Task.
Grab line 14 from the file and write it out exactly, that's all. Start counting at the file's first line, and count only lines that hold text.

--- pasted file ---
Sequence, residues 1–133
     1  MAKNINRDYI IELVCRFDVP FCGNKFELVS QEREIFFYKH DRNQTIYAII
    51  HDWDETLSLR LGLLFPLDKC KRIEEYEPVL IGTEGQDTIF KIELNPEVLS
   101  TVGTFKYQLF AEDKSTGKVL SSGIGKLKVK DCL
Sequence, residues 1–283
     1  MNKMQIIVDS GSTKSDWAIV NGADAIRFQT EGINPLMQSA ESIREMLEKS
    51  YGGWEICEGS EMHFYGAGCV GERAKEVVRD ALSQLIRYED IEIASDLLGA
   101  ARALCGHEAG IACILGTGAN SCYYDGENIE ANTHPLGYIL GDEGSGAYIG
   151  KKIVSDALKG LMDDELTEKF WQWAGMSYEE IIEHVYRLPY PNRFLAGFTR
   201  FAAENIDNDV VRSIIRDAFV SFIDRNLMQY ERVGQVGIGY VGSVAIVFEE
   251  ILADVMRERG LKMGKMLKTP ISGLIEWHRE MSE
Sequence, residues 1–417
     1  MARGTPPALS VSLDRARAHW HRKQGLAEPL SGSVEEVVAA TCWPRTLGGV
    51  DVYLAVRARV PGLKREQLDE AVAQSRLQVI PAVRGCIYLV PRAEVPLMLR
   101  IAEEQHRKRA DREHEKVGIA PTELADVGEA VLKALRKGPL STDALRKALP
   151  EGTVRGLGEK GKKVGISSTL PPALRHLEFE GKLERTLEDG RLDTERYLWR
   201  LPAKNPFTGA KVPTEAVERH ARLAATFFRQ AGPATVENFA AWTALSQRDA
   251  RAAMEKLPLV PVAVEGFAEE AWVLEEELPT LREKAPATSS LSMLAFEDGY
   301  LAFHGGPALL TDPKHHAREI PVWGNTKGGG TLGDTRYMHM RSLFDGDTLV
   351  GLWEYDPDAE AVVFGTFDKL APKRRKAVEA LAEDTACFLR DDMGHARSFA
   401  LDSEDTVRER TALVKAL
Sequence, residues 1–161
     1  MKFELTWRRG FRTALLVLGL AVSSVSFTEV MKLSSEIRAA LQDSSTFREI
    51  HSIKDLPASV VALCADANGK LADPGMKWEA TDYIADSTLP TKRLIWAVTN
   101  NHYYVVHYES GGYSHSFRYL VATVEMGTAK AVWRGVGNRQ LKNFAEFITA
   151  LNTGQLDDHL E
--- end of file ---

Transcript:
    51  DVYLAVRARV PGLKREQLDE AVAQSRLQVI PAVRGCIYLV PRAEVPLMLR